The merger of two galaxies generates the juvenile version of a blazar, one of the most energetic objects known

The first unequivocal detection of a jet of material at very high speed emerging from a galaxy in collision with another has been obtained. The jet emerges from the galaxy's central supermassive black hole and is seen head-on, a precursor structure to the formation of a blazar



Blazars are the most powerful sources of continuous radiation in the universe. Like the rest of the active galaxies, they show a structure formed by a central supermassive black hole surrounded by a disk of matter that feeds it, but they are among the 10% of active galaxies that have a jet of matter that emerges from both poles at very high speed, and among the even smaller percentage of cases in which its orientation allows us to see the jet almost head-on. Now, a group of researchers has photographed a juvenile version of a blazar, a result that points to the jets being produced due to the merger between galaxies.

“Active galaxies with jets are generally large and old elliptical galaxies. And, according to the models, these are formed by the fusion of two or more minor galaxies, so it is assumed that these fusions are responsible for the activation of the jets -says Rubén García-Benito, a researcher at the Institute of Astrophysics of Andalusia (IAA-CSIC) involved in the study-. In fact, a collision is a very effective method of transporting large masses of gas towards the center of galaxies, which feeds the supermassive black hole and can cause the jet to emerge".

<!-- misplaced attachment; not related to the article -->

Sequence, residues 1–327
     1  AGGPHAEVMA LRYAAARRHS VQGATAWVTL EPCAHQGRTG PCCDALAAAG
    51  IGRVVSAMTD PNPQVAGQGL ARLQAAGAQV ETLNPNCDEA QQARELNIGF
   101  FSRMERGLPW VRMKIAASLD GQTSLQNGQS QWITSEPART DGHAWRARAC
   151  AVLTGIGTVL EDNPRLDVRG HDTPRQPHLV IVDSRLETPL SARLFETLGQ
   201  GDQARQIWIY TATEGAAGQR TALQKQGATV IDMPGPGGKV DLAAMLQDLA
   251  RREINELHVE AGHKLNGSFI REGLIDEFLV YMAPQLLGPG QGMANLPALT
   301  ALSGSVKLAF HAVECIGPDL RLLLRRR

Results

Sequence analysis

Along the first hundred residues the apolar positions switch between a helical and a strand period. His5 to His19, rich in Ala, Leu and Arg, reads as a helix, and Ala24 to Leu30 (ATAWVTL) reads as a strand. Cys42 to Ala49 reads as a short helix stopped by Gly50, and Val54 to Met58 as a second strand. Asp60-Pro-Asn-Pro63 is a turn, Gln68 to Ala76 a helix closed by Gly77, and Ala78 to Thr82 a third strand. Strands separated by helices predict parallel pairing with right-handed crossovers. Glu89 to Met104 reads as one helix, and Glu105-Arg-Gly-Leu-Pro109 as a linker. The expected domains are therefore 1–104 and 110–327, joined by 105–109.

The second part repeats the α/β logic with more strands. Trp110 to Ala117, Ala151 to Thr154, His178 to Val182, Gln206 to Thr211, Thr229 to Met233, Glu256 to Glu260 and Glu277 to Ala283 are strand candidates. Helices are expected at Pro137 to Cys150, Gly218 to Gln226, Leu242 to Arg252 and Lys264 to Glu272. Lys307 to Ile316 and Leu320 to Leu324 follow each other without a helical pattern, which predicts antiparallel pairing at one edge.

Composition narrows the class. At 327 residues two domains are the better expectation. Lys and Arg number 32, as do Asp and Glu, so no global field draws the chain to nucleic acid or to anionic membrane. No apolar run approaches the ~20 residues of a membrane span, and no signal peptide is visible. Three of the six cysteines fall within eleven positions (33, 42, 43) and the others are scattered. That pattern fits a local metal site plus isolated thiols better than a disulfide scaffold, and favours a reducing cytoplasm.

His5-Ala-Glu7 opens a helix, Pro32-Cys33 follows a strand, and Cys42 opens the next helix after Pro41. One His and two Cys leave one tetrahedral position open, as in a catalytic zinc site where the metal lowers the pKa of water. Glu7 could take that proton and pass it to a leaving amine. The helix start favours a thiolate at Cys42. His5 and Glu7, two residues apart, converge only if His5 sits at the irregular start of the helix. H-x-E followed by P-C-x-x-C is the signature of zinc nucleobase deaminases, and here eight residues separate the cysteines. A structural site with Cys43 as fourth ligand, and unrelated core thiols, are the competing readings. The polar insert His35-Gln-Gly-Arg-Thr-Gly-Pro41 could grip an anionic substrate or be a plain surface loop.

And the group of researchers has found, precisely and for the first time, an example of such a scenario: a couple of young spiral galaxies in the middle of a merging process, each showing a supermassive black hole in its nucleus. One of them (the most massive) has a very young jet, estimated to be less than fifteen thousand years old, whose existence can be attributed to the interaction between the galaxies, which began at least half a billion years ago.

"We see the jet head-on, so we have found the precursor of a blazar. In scientific terminology, these young spiral galaxies that host jets are called Seyfert 1 narrow-line gamma-ray emitting galaxies (g-NLSy1). As an analogy we can think that, if a blazar is an adult, a g-NLSy1 would be a child", says Enrique Pérez Jiménez, an IAA-CSIC researcher participating in the work.

Generally, the brightness of blazars is so intense that they hide the galaxy that hosts them, so studying their environment is difficult. However, the jet found in this less energetic galaxy g-NLSy1 has allowed us to study the gas or stars in the host galaxy, which is very valuable information for tracing the origin of the jets.

The team obtained the image using several of the world's largest ground-based telescopes, such as the Subaru optical infrared telescope (8.2 metres) located in Hawaii, the Gran Telescopio Canarias (10.4 metres) and the William Herschel Telescope (4.2 metres), both on La Palma, as well as with the Chandra X-ray Space Observatory (NASA).

"Both the phenomenon of collisions between galaxies and jets have been known for decades, and we have high quality images of them. This work shows that these two extraordinary events could be connected, and that galaxy mergers play a crucial role in the life cycle of a galaxy. Among all the known g-NLSy1s, some fifteen to date, more than 70% exhibit characteristics similar to those we expect in a galaxy collision, so our result also shows the enormous importance of studying these objects with the best possible tools", concludes Rubén García-Benito (IAA-CSIC).


Vaidehi S. Paliya, Enrique Pérez, Rubén García-Benito et al. TXS 2116−077: A Gamma-Ray Emitting Relativistic Jet Hosted in a Galaxy Merger, The Astrophysical Journal, April 2020 DOI: 10.3847/1538-4357/ab754f


Instituto de Astrofísica de Andalucía (IAA-CSIC)
Unidad de Divulgación y Comunicación
Silbia López de Lacalle - sll[arroba] - 958230676